Honoring nonprofits with Best Practice Awards
Blue Cross & Blue Shield of Rhode Island sponsors annual program that has an emphasis on diversity, equity and inclusion
The Rhode Island Foundation is honoring three nonprofit organizations with its annual Best Practice Awards. The work that is being honored includes an initiative to support Latino-owned small businesses and a community gardening program that grew one ton of fresh produce for a local food pantry.
“These organizations emerged from a highly competitive process and an impressive group of nominees. There is something valuable in each of their remarkable examples that can help every nonprofit achieve more,” said Jill Pfitzenmayer, the Foundation’s vice president of capacity building.
Sponsored by Blue Cross & Blue Shield of Rhode Island, the award program recognizes outstanding practices by Rhode Island nonprofit organizations in the area of collaboration, with an emphasis on diversity, equity and inclusion.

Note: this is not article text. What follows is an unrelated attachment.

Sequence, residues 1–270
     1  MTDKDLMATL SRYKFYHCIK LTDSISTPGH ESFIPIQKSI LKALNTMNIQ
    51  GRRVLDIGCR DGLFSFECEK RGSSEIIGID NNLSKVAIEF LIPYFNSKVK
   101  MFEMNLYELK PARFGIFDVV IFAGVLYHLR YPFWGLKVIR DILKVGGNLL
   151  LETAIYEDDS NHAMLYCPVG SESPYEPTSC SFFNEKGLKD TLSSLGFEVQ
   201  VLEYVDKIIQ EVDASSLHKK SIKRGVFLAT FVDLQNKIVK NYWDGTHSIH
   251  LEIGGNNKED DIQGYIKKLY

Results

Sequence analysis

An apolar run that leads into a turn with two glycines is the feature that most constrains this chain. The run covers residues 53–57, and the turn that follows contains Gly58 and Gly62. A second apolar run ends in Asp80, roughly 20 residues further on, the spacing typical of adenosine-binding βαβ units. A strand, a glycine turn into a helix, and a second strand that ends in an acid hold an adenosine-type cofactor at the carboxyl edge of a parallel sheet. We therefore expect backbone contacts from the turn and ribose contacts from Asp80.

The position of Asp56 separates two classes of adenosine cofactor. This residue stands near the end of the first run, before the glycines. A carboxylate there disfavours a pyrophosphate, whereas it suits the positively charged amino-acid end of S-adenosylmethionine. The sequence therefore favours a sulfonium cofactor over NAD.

“Blue Cross & Blue Shield of Rhode Island proudly supports the best practice awards honoring the critical work of community organizations statewide,” said BCBSRI Managing Director of Corporate Social Responsibility, Carolyn Belisle. “We applaud this year’s award recipients for all they do to improve the lives of Rhode Islanders and create more equity in our state. We continue to learn from their example.”
The three recipients will each receive $5,000 grants in recognition of their achievements.
The Norman Bird Sanctuary in Middletown is being honored for its “Good Gardens Program,” which focuses on growing produce for the food pantry at Newport’s Dr. Martin Luther King Jr. Community Center. In 2021, over a ton of fresh fruit and vegetables was donated.